Wayne's Worldview is a place to share my unique perspective of the world as formed from my interpretation of the scriptures and my experience as a Christian. As a pastor, I am asked a lot of questions about current issues, life dilemmas, personal problems, politics, biblical interpretation...etc.I offer these "How I see it" thoughts in effort to challenge people to think about their worldview, and to stimulate good conversations that will help us become more whole.
Welcome to the conversation.
Welcome to the conversation.
Thursday, January 16, 2014
Why a Beast Feast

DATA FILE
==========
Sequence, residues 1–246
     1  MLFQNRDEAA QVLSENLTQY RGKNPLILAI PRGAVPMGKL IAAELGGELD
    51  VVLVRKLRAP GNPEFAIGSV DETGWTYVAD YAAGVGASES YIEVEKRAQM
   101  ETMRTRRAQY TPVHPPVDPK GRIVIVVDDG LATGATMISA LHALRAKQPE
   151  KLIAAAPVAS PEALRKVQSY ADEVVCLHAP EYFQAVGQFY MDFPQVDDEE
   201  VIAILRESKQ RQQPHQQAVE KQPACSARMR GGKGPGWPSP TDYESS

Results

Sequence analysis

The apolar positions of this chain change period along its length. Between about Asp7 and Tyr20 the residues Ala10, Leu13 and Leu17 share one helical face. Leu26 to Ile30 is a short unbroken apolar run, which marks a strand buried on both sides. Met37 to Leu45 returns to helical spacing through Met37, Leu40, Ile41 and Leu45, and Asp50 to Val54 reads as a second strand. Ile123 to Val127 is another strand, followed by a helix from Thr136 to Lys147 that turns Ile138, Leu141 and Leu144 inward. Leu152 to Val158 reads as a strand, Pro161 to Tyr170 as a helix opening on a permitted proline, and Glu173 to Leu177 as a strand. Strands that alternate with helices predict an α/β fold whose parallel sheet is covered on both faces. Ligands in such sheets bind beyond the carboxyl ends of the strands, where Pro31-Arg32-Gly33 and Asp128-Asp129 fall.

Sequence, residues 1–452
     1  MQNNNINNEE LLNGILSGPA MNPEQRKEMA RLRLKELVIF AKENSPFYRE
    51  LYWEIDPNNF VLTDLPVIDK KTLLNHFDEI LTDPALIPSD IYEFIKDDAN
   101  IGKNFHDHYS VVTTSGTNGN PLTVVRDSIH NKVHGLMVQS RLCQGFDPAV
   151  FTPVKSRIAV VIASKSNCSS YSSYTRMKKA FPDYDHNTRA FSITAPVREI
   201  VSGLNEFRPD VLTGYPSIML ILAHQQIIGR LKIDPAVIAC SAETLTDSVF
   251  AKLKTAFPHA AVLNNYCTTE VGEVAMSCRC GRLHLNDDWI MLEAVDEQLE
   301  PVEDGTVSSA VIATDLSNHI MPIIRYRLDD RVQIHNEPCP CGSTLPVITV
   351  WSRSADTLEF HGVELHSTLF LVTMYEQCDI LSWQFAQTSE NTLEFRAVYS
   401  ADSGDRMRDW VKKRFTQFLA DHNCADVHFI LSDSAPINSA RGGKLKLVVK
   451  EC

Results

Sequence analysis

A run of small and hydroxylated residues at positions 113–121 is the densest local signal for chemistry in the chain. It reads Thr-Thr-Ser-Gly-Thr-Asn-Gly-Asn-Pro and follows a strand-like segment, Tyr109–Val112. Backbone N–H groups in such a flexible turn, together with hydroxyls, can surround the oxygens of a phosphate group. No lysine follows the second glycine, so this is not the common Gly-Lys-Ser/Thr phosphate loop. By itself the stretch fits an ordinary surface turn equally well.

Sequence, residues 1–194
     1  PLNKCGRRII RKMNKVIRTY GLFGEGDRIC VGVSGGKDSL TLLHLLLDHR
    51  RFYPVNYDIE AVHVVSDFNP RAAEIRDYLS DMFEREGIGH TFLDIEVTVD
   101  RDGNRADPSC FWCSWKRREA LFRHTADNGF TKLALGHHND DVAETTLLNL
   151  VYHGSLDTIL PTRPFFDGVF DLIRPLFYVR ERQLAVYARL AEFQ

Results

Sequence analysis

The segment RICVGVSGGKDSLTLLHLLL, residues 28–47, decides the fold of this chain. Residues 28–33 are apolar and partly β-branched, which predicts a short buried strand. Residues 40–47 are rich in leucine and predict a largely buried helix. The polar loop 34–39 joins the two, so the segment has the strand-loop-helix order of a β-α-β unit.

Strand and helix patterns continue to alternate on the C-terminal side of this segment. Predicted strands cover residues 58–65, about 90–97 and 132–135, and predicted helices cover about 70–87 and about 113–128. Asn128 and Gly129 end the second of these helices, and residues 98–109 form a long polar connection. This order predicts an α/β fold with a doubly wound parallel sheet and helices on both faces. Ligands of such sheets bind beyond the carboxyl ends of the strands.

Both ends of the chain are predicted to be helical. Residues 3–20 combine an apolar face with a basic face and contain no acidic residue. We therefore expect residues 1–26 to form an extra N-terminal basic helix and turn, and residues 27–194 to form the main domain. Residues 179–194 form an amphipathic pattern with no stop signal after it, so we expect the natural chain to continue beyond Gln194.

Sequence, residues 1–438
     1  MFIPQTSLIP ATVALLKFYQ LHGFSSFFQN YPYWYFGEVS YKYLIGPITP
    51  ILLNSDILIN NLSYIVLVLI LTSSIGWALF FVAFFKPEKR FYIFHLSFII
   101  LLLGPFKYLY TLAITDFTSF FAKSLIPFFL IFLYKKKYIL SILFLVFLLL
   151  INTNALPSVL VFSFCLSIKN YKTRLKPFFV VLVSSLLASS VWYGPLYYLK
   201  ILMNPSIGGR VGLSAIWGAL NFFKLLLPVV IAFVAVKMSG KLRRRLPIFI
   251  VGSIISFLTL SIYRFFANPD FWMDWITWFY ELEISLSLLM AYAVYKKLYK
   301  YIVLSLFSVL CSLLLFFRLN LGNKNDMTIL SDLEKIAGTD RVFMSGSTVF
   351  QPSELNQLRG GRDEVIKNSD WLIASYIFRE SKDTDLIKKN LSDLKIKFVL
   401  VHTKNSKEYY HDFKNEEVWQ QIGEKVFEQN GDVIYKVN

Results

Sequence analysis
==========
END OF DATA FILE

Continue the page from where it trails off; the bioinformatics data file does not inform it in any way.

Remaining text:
As our church annually hosts an event called the "Beast Feast"- a celebration of the goodness and bounty of God's creation and a time of fellowship with other outdoor enthusiasts. I have over the years been asked by many people to defend the practice hunting, fishing and of eating animals. Usually this comes in the form of an email or a message left on my phone by someone who has moral opposition to eating animals, who are offended that a church would host such an event. You may have been asked to give such a defense, or you may simply wonder what the Bible has to say about the subject. As I always go to the scriptures for guidance, I have discovered that the proper relationship between humanity and animals is important and sacred and is addressed in a great number of texts in the Bible. With the Bible as a guide, I have reached some general conclusions: Animals are not equal to man, yet have also been created by God. We both share creature status, while humanity alone is an image bearer of God. Animals are suitable for clothing, food, and even companionship, but are not to be treated cruelly or for sexual fulfillment. As appointed stewards of all creation we have a responsibility to God and will be held accountable for that stewardship. Animals are markedly different in that they are not assigned this same responsibility to God. My values are pretty much in alignment with that. I hunt, fish and enjoy the consumption of plants and animals that I or others have killed and prepared for food in clear conscience. While eating meat is not an obligation, the scriptures give us the freedom to choose. I also respect others who choose to abstain from eating animals. Many appeal to the question, "What would Jesus do?", supposing that Jesus would be a vegetarian today. I prefer the question "What did Jesus do"? Jesus wore clothing, including sandals. He rode a donkey that someone else owned. He ate bread and fish regularly, and fed the multitudes the same. He called fisherman to be his disciples. Jesus frequently dined with others, never calling negative attention to what was served. He told the parable of the prodigal son which included a feast with beef as the main course (fatted calf). And he annually celebrated the feast days, which in the case of Passover included Lamb as the main course.